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Nanodeeltjes in waterStruijs J; van de Meent D; Peijnenburg WJGM; Heugens E; de Jong W; Hagens W; de Heer C; Hofman J; Roex E; LER (Rijksinstituut voor Volksgezondheid en Milieu RIVMKiwa Water ResearchRijkswaterstaat Waterdienst, 2007-11-06)In the coming years we will become more aware of nanotechnology. Nanoparticles offer new possibilities because they are small. Nanotechnology is already used for example in car paint, car tyres, shoe spray and sun cream. Therefore the market for nanotechnology is growing at a terrific pace. Researchers and users are agreed: the importance of this new technology will be great. However with new technology comes uncertainty. No one can yet estimate what the exact advantages and disadvantages are. The increased use and growing (social) attention for the risks from nanotechnology provoked the need for an elaborate literature study into the possible uses and risks. This study is aimed specifically at the aquatic environment and drinking water. The report 'Nanoparticles in water' is a combined project by Rijkswaterstaat, Kiwa Water Research, Vewin and the RIVM, the latter being designated by the Government as 'observation point nanotechnology'. The study provides, from the available information, a summary of opportunities and threats from nanotechnology in relation to water. It covers the effects known up until now from nanoparticles on the aquatic environment and on humans. In addition it identifies areas where further research is necessary in order to gain a better understanding of risks. Finally the report covers the national and European legislation related to nanoparticles. There appear to be many loose ends as a result of which risks cannot be correctly estimated. In short: a summary report that provides insight into the scientific state of knowledge concerning nanotechnology in relation to water. Thereby it creates a start for further research and can be used as an aid for policy and legislation.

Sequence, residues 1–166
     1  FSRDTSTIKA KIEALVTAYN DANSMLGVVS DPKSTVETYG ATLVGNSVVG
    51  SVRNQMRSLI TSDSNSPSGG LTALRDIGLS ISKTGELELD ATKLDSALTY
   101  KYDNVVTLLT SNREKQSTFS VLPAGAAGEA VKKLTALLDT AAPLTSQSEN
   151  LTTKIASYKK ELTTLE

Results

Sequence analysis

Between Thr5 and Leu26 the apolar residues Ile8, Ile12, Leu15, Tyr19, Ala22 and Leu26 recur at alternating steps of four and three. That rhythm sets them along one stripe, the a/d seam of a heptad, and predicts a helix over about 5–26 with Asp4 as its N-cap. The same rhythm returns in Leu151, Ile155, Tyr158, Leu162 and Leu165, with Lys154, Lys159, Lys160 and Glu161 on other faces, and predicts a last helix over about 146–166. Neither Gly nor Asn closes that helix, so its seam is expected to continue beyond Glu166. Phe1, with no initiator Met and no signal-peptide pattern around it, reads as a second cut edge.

Gebiedsdossiers voor drinkwaterbronnen, uitwerking van risico's en ontwikkeling van maatregelenWuijts S; van Rijswick HFMW; Dik HHJ; IMD (Rijksinstituut voor Volksgezondheid en Milieu RIVMUniversiteit UtrechtDepartement RechtsgeleerdheidDisciplinegroep Staats- en BestuursrechtCentrum voor Omgevingsrecht en -beleid/NILOS, 2008-02-19)Within the framework of protecting the abstraction of drinking water, the so-called 'dossiers for the area' appear to be a useful instrument for compiling information relevant to water quality at the abstraction site. This information can subsequently be used to develop effective protection measures. As such, the dossiers for the area supplement the existing protection policy. By order of the Ministry of Public Housing, Spatial Planning and the Environment (VROM), RIVM has formulated a protocol for compiling 'dossiers for the area'. The protocol has been extensively worked out for three types of abstraction sites (groundwater, river bank filtration and surface water). The National Institute for Public Health and the Environment (RIVM) of the Netherlands recommends legally anchoring the necessity for such dossiers in the planned National Drinking Water Act and also, if necessary, in the Environmental Act. The RIVM also recommends that the management of the decision-making process be given to one administrative body only. Different authorities are involved in the realization of these measures. It is therefore important that the administrative decision-making process governing 'dossiers for the area' be bundled under the jurisdiction of one authority. Given that provinces are the responsible administrative unit in the areas of water, spatial planning and the environment, this role would appear to be best carried out at the provincial level. This is the outcome of a workshop that took place in November 2007 at the RIVM. Participants of the workshop were representatives of national, provincial and local authorities, national and regional water boards and water companies. The results of the project 'dossiers for the area' were discussed during the workshop. 'Dossiers for the area' can also be of use to other abstractions of water for human consumption, such as in the formulation of policy aimed at protecting industrial abstractions used to produce beer and soda. By implementing such measures, the Netherlands meets its obligations as stated in the Water Framework Directive (2000/60/EC) with respect to abstractions for human consumption.